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Edmonton getting $1.67 billion downtown revitalization

HCM contractors do pile driving for $150 million underground parkade

The new Rogers Place Arena is scheduled to open fall 2016.
The new Rogers Place Arena is scheduled to open fall 2016.

Low oil prices in Alberta haven’t slammed the brakes on a major construction project turning heads in the provincial capital of Edmonton. The downtown core continues to be a beehive of activity as contractors and subtrades work towards their deadline of fall 2016 when the new Rogers Place Arena is scheduled to open in time for the 2016/2017 Edmonton Oilers hockey season.

The arena at 104th Avenue and 104th Street is the jewel in the crown of a $1.67 billion downtown revitalization being orchestrated by the developer, Katz Group-WAM. Construction on the $606 million facility began in January 2014. All steel work has been completed and the roof is now enclosed on the 18,500-seat hockey rink.

But while the arena is clearly the showpiece, there are several other elements of the project that when tied together will put Edmonton on par with other major cities with sports entertainment districts, such as Los Angeles and Columbus, Ohio.

These include two large office towers, a 50-storey hotel and condo tower, and a 50-plus-storey tower to be built on the Greyhound site by 2019. There will also be a Katz Group headquarters and casino, a ground-level plaza and a four-storey underground parkade to hold all the extra traffic expected into the arena district.

“This is the shiny star in Alberta at the moment,” Katz Group vice-president Glen Scott told the Edmonton Journal last spring. People are asking: “‘What is going on in Edmonton?’ There’s such a massive amount of capital being invested at one time in a small area that people are sort of boggled by it.”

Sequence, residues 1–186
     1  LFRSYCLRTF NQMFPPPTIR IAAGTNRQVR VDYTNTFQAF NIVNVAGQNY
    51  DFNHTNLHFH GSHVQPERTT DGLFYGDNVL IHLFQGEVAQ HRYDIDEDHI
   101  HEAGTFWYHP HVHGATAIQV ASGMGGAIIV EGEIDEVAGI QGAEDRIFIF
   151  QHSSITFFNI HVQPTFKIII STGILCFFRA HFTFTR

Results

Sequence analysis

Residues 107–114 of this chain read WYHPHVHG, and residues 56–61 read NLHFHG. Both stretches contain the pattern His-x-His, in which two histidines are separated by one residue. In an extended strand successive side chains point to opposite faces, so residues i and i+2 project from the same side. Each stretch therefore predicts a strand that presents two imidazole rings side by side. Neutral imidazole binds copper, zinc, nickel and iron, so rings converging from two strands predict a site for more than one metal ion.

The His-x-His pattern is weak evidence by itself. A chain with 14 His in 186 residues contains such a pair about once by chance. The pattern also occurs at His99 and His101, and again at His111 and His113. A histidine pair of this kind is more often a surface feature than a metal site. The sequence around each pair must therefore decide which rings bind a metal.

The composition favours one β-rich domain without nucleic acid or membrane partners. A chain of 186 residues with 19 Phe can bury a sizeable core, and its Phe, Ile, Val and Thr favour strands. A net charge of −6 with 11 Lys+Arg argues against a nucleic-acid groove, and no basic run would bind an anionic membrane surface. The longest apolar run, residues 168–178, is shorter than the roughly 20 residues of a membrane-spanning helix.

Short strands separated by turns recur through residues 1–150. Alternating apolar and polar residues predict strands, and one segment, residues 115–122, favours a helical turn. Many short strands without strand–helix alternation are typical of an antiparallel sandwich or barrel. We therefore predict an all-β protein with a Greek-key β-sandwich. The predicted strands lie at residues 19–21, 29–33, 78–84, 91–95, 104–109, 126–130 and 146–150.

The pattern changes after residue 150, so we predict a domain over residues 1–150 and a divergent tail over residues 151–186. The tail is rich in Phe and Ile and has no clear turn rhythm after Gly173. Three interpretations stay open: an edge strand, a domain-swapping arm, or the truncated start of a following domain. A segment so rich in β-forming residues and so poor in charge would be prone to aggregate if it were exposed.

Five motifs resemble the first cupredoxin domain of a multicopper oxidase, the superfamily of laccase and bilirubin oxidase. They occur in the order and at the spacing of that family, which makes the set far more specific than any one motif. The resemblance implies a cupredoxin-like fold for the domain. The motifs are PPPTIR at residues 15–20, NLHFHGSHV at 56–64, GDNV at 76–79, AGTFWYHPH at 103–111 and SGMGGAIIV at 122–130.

Pile driving and shoring for parkade

The parkade is a massive undertaking in itself. The $150-million project will have four levels built below grade. It is being constructed in two stages. Pile driving and shoring for the first phase took place in the fall of 2014; construction of the second phase is due to start in July.

Winning an $11-million contract for the foundation work, HCM Contractors brought in two Bauer Pileco BG24 drill rigs and two Watson 3110 drills for pile driving. The Calgary-based company is a geotechnical excavation, shoring and foundations contractor with expertise in caisson wall construction, piles and lagging, and structural shotcrete.

For the Edmonton arena district parkade, the clay soil conditions leant themselves to a shoring system of soldier piles and timber lagging, which is used to retain soils behind the excavation and to transfer the loads to the piles.

About 150 piles were sunk between 22 and 26 metres deep, spaced in eight-foot intervals on centre. The perimeter wall of the structure is 500 lineal metres.

“This job had some high loads because of the depth, but the clay is generally good,” said Geoff Jilg, HCM’s project manager on the site. “And it allowed us to go to timber lagging, which is very common in Edmonton where there’s not really any water [in the clay] and the base doesn’t slough. So you can use timber lagging in conjunction with the piles and anchors.”

With soldier piling, steel beams (W section piles) are driven into each hole which is then filled with lean mix concrete. Lifts are then dug, spaced around five feet on the vertical axis, and then a system of lagging boards is installed. At anchor elevation tiebacks are drilled, installed, cured and stressed. At that point the structure is ready for initial formwork, for the exterior walls and footings.

Jilg said the pile driving went relatively smoothly with no problems encountered except for the inconvenience of having to relocate portions of the shoring wall in order to miss some existing utilities. HCM also had to drill through the rubble of a previous low-rise warehouse that had been demolished.

He said the drill rigs performed according to expectations. Commenting on the Watson 3110 drill, Jilg said the machine’s lack of an interlocking Kelly bar makes it “quite fast, in and out of the holes,” which in this case was 36 inches diameter.

Watson describes the 113,000-foot-pound machine as “capable of drilling large diameter drilled shafts. The torque and crowd available with the Model 3110 provide capacity to drill in difficult conditions, including hard rock and boulders.”

With phase one of the Edmonton arena district parkade about two-thirds done, HCM is looking ahead to the summer, when it will conduct pile driving and shoring wall excavation for phase two of the parkade. Jilg says that the second phase will enlarge the current structure by about 50 percent, with the foundation work expected to take between four and six weeks.

Watson 3110 drill rig, the same model used to drive the piles for the four-storey underground parkade.
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